• LIFO uses the oldest costs to value ending inventory, so that value may be significantly different from the actual market value of the inventory at the balance sheet date.
    • In periods when prices are rising, LIFO yields lower net income because the higher costs of more recent purchases are put into cost of goods sold first.
  • 30. LIFO
    • Because LIFO results in reduced net income, it also results in lower income taxes.
      • The Internal Revenue Code requires that if a company uses LIFO to compute its taxable income, the company must also use LIFO to compute its financial net income.
      • The result is lower income taxes and lower reported earnings figures to investors.
  • 31. LIFO
    • If LIFO is such a good deal, why do some companies still use FIFO?
    • For several reasons:
      • Costs of changing methods can be significant.
      • Management may be reluctant to decrease earnings and possibly salaries and bonuses.
      • Management might fear that lower income would hurt in loan negotiations with banks.
      • Lower earnings will often lower stock prices.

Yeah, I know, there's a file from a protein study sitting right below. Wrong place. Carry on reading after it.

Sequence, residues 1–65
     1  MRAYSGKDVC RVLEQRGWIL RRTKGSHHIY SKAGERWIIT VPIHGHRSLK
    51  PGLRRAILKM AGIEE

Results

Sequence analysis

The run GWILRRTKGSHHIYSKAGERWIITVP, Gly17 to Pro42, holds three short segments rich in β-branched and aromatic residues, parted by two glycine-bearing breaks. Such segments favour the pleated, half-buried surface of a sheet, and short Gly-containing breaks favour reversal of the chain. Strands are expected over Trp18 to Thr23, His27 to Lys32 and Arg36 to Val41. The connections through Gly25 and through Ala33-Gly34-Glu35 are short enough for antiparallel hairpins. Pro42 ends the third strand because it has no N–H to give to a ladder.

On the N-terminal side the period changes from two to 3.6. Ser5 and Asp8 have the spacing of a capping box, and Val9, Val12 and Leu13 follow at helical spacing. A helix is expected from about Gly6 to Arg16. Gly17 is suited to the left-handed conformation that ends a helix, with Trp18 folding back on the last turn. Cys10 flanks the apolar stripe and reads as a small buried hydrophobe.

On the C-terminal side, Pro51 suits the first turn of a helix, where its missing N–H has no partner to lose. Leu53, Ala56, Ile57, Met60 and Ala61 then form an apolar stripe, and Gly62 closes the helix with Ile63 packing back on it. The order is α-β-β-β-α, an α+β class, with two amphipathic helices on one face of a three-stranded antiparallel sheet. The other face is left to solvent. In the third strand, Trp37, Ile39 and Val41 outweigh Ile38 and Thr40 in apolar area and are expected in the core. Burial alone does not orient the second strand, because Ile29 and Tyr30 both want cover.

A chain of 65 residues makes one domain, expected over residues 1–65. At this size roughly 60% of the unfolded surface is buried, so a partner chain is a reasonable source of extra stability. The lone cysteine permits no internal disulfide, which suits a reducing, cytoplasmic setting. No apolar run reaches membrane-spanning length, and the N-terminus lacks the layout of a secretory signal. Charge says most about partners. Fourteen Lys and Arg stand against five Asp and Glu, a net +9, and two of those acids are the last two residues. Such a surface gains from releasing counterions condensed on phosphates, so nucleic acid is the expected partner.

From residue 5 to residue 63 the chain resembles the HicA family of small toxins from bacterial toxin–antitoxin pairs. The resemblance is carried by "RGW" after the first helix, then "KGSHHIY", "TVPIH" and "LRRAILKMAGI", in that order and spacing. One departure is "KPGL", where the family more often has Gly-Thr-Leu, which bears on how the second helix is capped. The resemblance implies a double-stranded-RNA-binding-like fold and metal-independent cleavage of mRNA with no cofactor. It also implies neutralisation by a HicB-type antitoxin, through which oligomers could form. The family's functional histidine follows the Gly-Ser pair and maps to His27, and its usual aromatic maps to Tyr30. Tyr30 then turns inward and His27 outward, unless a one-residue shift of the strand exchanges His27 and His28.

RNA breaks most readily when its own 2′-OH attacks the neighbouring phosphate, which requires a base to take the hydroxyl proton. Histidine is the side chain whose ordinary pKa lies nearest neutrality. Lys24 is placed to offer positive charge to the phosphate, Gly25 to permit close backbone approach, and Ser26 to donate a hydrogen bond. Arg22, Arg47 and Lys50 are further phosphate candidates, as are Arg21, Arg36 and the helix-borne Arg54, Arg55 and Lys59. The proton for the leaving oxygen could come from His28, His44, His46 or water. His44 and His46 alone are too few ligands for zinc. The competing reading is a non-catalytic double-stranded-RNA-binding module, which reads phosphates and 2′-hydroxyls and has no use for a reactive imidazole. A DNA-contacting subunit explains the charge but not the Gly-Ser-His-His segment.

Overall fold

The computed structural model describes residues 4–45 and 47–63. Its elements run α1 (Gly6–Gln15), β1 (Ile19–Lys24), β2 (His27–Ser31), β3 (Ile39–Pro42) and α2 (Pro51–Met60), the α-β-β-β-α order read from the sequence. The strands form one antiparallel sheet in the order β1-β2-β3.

• 32. Weighted Average
    • Weighted average method - computes a unit cost by dividing the total acquisition cost of all items available for sale by the number of units available for sale
  • 33. Weighted Average
    • The averaging in the weighted average must consider not only the price paid, but also the number of units purchased at each price.
    • The weighted average method produces a gross profit somewhere between gross profit under FIFO and LIFO.
  • 34. Weighted Average
    • Smith Corporation purchased 5 units of Product X for $4.00 on Monday and 7 units of Product X for $4.25 on Friday. What is the weighted average cost per unit?
    = $4.15